insect's tolerance could be from bacteria living within its cells that may
synthesize biotin or from an enzyme in its gut that may inactivate avidin.
Overall, effectiveness of avidin corn hinged on the amount eaten and how long
it was consumed. Most of the insects fed corn with 100 ppm avidin were unable
to grow and develop, and about half were killed by concentrations as low as 30
"Avidin corn can benefit farmers by offering grain buyers a higher quality
corn that can be stored longer without pesticides," says Kramer. "It
also means that products made from avidin corn will have a longer shelf life.
Because the corn has this property, one proposed use of it is as a background
germplasm for production of other valuable recombinant proteins in corn."
Avidin corn is now grown by U.S. farmers under contract with Stauffer Biotech
in Aurora, Nebraska. The avidin compound is currently used in medical and
biochemical kits as a diagnostic protein. When produced from chicken eggs,
avidin sells for about $3,000 per gram. But the cost is lower when the chemical
is produced from cornnow being done by the Sigma-Aldrich chemical company
in St. Louis, Missouri.
Although avidin is already a common protein in human diets, the Food and Drug
Administration will require a thorough risk assessment of avidin corn before
approving it as a food or feed product.
One challenge researchers encountered was determining the concentration of
avidin in corn kernels. Only half of the kernels in the corn varieties
contained avidin because male sterility occurs in avidin-positive plants. An
immunoassay can measure avidin concentration, but this method requires
extracting the protein from ground-up kernels.
Kramer asked ARS agricultural engineer Floyd E. Dowell and entomologist James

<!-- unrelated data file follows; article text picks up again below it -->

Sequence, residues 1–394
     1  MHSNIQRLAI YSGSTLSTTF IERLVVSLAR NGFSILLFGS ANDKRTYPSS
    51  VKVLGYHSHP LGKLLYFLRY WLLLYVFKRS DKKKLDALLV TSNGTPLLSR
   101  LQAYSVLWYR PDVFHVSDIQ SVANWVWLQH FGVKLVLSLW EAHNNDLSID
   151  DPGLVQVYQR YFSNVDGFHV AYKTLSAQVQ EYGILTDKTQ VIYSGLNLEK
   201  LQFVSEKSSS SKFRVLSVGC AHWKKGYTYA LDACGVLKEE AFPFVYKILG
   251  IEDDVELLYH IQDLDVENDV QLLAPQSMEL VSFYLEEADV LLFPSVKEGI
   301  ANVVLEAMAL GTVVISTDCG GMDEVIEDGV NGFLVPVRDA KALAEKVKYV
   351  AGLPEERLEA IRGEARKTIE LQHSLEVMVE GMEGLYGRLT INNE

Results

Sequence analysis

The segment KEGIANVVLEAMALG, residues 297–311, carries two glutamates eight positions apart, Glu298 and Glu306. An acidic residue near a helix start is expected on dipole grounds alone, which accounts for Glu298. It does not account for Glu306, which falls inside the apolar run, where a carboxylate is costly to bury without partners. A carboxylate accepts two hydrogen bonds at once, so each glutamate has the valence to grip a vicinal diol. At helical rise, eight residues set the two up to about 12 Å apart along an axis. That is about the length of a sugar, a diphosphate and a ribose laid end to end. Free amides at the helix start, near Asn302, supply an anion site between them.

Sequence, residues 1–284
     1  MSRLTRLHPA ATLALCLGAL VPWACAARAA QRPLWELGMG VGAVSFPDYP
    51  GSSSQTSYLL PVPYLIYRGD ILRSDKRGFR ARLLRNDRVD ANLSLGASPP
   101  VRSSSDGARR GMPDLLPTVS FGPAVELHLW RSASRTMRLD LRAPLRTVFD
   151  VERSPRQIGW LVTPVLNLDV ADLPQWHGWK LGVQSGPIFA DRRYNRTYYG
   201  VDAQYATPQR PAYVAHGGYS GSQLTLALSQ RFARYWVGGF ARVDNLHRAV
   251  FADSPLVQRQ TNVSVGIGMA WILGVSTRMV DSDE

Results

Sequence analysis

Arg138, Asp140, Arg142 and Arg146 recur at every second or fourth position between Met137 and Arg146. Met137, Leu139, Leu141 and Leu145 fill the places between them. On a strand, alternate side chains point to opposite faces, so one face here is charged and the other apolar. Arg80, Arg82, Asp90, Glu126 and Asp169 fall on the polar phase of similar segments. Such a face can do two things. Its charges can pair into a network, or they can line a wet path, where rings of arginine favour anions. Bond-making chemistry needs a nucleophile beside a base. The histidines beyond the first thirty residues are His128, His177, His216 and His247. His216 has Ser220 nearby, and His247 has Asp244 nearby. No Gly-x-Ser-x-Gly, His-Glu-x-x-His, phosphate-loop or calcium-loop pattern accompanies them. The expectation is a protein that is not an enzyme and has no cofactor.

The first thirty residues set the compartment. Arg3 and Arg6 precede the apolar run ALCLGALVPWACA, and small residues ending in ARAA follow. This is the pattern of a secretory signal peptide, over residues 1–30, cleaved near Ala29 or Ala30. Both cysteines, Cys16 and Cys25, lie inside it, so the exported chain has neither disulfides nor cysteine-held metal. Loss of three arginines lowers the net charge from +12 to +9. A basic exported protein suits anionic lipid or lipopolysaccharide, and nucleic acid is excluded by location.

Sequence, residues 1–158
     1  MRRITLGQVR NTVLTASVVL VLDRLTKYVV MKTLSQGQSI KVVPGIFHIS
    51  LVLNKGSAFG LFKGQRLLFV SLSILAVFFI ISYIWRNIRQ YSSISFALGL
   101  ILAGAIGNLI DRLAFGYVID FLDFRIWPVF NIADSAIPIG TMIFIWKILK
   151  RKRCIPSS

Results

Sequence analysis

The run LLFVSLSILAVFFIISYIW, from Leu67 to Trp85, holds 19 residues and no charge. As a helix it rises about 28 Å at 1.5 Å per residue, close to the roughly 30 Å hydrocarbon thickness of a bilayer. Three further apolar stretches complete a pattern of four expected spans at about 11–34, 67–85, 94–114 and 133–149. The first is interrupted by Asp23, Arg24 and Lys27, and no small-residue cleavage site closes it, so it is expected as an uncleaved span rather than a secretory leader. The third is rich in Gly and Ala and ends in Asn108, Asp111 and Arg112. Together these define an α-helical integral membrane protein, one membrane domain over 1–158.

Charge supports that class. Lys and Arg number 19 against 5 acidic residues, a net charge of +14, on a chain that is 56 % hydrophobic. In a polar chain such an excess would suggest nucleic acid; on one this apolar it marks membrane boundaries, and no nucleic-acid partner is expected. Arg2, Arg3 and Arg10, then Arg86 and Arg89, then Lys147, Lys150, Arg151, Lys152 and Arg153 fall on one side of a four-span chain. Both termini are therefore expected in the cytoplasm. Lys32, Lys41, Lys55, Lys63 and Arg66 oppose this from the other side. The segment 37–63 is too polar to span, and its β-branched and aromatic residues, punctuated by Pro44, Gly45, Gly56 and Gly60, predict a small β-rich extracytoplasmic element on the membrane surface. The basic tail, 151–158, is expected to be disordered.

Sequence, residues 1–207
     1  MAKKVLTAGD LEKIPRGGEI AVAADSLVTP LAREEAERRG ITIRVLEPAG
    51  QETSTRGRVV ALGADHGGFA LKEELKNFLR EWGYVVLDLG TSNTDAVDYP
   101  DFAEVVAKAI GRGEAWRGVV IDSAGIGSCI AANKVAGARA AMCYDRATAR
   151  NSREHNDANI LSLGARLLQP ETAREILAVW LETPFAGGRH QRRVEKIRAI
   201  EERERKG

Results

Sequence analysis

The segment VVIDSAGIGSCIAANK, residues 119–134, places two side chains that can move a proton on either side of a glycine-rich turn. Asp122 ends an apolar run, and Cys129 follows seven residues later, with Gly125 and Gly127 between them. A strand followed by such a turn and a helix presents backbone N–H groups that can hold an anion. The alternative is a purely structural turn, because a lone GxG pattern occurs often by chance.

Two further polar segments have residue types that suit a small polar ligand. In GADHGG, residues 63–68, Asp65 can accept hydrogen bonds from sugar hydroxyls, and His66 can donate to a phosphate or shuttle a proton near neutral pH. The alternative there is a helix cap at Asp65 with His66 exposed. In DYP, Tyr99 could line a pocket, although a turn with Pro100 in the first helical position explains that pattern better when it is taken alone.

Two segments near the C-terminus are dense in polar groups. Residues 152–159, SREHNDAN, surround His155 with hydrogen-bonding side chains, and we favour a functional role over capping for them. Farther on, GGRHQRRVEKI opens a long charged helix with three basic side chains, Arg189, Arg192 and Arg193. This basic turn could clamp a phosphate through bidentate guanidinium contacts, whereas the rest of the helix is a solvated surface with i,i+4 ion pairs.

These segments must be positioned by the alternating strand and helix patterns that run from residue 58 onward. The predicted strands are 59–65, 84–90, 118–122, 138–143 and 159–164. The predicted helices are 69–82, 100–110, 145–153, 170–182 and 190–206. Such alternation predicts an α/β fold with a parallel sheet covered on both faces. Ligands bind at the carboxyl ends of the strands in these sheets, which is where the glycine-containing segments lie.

E. Throne to use less destructive near-infrared technology to analyze kernels.
This helped solve the problem of distinguishing kernels with high avidin
"We want to do more work to ensure that every kernel has a consistent
amount of avidin," says Kramer.
The only insects affected are those that actually feed on plants because, in
this case, the plant is the sole source of the biopesticide. That means
beneficial insects and others that don't feed on the crop would not be
affected. Groundwater, too, is protected from contamination because avidin is a
Avidin imparts to corn a kind of host plant resistance that can last from the
field to the storage bin. Unlike chemical insecticidal sprays that can be
washed off by rain or inactivated by ultraviolet rays, avidin works regardless
of the weather.
To avoid any problems that could result from avidin being expressed in corn
pollen, Kramer says that molecular techniques will use specific promoters that
place avidin not in the pollenbut in the seed, roots, stems, or
leaves.By Linda McGraw,
Agricultural Research Service Information Staff.
This research is part of Crop Protection and Quarantine, an ARS National
Program (#304) described on the World Wide Web at
Karl J. Kramer,
Brenda Oppert, and
James E. Throne are in the USDA-ARS
Biological Research Unit, Grain Marketing
and Production Research Center (GMPRC), 1515 College Ave., Manhattan, KS
66502; phone (785) 776-2711, fax (785) 537-5584.
Floyd E. Dowell is in the GMPRC
Engineering Research Unit; phone (785) 776-2753, fax (785) 776-2792.
"Avidin: An Egg-Citing Insecticidal Protein in
Corn" was published in the
issue of Agricultural Research magazine.